Have you ever listened to a conscious hip-hop album, one that gave you lots to think about about all sorts of different topics, and then the studio forced the artist to include songs about stripclubs and how many chains they wear? It’s not that you object to it on any moral kind of level (though you might), but the placing of those two things together makes each side feel off-kilter. No one is looking for philosophy in their “money and hoes” anthems, and those looking for thoughtful moments find them a little less thoughtful.
Deadpool is not a thoughtful movie. It’s crass, vulgar, immature and all the better for it. But the same rules kind of apply. By the nature of the character’s fourth wall breaking and subversion of superhero stereotypes, it becomes all the more worse when it actively seems to follow stereotypes without any self awareness. As Deadpool goes along on a really traditional revenge plot, has to fight a really boring main villain (which the movie does at least acknowledge), and end with the typical third act explosion sequence, it makes you feel less engaged than movies that embrace those tropes wholeheartedly, and makes the whole endeavour feel less anarchic than it wants to be. It’s a Hollywood Blockbuster, sure, but films like The Lego Movie (and, for my money, Gremlins 2) show us that kind of subversive hypocrisy can be very entertaining. Even the marketing for Deadpool, one of the most varied and fun campaigns in quite some time, understood this, so much so that you almost wish the marketing team had written the movie.
Not to say that Deadpool is not itself very entertaining. From the really funny opening credits to the pop culture savvy end tag this is a movie that in its humour embraces the crass and insane tone that so many (including me) like from the original character. Much of that is down to Ryan Reynolds, who from the quips to the costume gives the most perfect comic book to onscreen transition since Chris Evans as Captain America. Along with Rhett Reese and Paul Wernick (the writers of Zombieland), they come together to sell some really fun and (crudely) inventive gags which retain the spirit of the character; wacky to the edge of irksome.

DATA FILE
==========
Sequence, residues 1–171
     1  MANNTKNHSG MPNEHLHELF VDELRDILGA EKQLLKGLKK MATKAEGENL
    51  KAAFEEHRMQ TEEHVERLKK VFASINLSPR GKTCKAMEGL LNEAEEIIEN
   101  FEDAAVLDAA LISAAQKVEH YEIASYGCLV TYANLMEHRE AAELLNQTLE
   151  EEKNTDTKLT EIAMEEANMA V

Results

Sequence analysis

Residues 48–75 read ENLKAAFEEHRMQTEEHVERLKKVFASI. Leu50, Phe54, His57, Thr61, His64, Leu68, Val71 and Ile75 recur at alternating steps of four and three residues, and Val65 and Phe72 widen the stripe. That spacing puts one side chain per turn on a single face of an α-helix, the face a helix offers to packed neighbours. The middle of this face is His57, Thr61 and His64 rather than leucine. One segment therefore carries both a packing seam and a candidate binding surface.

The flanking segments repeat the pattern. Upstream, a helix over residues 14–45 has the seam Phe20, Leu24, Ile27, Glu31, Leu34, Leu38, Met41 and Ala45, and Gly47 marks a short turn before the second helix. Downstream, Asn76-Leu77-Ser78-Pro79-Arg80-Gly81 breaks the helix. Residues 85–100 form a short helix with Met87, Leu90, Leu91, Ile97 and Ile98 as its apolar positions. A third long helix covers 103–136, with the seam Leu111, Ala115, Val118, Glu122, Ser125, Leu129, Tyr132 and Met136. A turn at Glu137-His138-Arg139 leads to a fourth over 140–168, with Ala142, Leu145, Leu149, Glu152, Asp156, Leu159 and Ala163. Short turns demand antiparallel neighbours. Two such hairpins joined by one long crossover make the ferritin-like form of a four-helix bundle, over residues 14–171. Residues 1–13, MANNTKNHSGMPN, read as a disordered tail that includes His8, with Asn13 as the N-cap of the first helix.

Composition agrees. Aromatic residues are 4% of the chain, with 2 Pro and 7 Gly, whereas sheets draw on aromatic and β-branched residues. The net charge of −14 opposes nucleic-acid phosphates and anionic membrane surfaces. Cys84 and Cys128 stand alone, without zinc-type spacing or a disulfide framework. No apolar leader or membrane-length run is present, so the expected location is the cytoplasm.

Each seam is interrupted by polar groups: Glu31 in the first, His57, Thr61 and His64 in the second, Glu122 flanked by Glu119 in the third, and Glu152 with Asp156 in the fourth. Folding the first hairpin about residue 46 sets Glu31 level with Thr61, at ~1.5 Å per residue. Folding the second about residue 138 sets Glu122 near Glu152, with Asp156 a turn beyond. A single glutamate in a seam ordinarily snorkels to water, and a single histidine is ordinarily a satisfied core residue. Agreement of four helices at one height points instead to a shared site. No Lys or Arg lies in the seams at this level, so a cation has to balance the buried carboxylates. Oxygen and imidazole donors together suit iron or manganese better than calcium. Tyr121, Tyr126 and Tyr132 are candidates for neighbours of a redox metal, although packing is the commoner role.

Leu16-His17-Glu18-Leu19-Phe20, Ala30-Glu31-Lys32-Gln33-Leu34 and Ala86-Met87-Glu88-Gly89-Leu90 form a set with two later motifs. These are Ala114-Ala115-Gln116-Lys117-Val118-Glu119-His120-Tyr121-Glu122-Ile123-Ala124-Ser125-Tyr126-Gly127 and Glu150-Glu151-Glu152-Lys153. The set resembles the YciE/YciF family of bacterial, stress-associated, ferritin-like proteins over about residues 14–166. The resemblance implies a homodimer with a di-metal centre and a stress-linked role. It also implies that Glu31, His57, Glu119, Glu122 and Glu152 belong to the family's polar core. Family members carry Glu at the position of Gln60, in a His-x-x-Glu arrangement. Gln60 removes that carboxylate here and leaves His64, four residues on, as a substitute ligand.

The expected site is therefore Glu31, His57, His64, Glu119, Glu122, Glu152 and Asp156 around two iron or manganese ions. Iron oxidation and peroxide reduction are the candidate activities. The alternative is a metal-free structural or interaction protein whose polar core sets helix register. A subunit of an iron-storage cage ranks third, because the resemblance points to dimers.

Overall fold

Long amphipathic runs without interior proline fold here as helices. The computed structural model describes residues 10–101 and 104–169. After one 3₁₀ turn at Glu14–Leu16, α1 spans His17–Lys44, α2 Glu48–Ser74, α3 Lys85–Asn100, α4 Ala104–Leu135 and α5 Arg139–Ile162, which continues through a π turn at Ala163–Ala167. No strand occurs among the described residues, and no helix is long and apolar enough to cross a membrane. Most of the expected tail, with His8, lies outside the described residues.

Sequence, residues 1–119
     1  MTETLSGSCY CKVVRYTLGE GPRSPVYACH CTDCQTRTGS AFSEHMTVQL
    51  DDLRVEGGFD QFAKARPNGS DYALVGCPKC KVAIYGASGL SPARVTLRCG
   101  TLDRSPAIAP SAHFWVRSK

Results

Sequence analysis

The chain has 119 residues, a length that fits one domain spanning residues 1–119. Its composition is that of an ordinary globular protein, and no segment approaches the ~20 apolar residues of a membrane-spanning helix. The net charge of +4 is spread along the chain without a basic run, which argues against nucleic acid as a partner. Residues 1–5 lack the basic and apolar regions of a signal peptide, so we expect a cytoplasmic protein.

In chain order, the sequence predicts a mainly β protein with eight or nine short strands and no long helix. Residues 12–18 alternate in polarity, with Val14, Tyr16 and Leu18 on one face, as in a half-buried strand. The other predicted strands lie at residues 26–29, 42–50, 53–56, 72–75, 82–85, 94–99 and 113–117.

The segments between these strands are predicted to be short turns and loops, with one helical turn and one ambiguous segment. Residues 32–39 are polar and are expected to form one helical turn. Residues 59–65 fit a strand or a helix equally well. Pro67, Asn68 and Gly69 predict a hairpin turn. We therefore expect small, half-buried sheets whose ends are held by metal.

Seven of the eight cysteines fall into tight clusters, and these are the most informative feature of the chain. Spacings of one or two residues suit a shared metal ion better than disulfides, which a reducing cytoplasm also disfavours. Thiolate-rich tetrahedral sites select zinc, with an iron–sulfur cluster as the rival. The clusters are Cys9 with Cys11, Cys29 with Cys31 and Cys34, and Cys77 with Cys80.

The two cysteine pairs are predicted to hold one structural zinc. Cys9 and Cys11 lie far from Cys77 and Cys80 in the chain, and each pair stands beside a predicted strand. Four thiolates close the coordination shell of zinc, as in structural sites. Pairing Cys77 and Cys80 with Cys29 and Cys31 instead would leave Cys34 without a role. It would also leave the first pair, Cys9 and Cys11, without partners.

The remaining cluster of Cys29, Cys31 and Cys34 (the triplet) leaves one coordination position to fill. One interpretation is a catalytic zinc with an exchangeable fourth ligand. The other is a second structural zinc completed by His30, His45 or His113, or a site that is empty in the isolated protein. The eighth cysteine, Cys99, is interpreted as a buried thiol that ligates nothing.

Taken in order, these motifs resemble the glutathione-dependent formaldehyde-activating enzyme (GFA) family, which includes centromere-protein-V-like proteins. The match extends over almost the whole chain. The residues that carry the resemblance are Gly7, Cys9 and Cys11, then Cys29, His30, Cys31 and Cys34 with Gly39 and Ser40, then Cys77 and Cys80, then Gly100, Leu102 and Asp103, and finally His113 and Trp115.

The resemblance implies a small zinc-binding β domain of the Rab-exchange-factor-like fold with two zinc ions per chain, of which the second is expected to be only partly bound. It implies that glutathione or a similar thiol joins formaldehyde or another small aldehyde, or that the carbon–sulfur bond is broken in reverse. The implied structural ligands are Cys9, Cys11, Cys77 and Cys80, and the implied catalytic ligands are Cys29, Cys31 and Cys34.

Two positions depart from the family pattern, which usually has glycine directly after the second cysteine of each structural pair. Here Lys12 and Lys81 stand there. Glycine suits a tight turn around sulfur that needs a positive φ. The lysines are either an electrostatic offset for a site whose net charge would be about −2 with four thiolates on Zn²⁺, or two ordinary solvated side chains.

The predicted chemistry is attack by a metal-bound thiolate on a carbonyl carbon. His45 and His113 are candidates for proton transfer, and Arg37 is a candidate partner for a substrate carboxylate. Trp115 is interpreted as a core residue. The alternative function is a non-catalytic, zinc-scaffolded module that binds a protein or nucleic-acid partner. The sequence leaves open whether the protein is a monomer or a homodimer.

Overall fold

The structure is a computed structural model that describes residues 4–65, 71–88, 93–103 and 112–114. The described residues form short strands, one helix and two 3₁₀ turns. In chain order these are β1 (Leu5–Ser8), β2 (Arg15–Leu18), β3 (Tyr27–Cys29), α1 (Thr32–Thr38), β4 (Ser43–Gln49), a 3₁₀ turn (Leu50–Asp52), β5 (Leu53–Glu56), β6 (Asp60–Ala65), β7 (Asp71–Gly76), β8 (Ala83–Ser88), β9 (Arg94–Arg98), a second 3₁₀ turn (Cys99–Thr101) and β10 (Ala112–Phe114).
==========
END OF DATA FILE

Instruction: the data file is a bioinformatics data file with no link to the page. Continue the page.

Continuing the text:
To make sure he doesn’t outstay his welcome he is joined by Colossus, who acts as the avatar of traditional superhero values (and to show why that may not work in this case) and Negasonic Teenage Warhead (played in a great turn by newcomer Brianna Hildebrand), who plays the role of a teenager tired of Deadpool’s shit, a surprising inclusion for a movie ostensibly about Deadpool’s shit. But the most surprising element was just how much I enjoyed the romantic relationship between Ryan Reynolds and Morena Baccarin. Most of that is down to the actor’s chemistry, and the fact that script remembers to give some Baccarin good lines and jokes herself. Because of this connection it sells the moments where the movie has no choice but to be serious (such as in his gross transformation, and the result of that grotesqueness).
First time director Tim Miller uses this base for some short spurts of creativity, such as in a montage where they go through each of the “holidays” (see how hard it is to write a review without giving away jokes?). Miller was previously a special effects supervisor, and although the special effects are not as great as films five times its budge he blends the special effects with the physical action rather than them be two separate entities, such as Deadpool looking through his own bullet holes or how Negasonic and Deadpool working together to get on top of a aircraft carrier. Though it is annoying that the best action sequence was the one that was “leaked”.
But the movie’s biggest fault in the story and direction is its flashback structure, which like Man of Steel breaks up the momentum of the movie, but unlike even that movie the two timelines never really work together anything other than chronologically. It seems only to be there to distract from a lack of character progression, and the fact that the movie only really has two set pieces, but if there was any character that didn’t need to follow the trappings of superhero origin story, it was Deadpool.
Deadpool is an entertaining movie, and really that was all it needed to be. It’s fun and juvenile nonsense with some great jokes and quips from a character built for such (forgot to shout TJ Miller, who also his share of laughs). But the character is also built for something much more anarchic than this studio building a new universe will allow it to. And without that character, this story on its own simply wouldn’t work.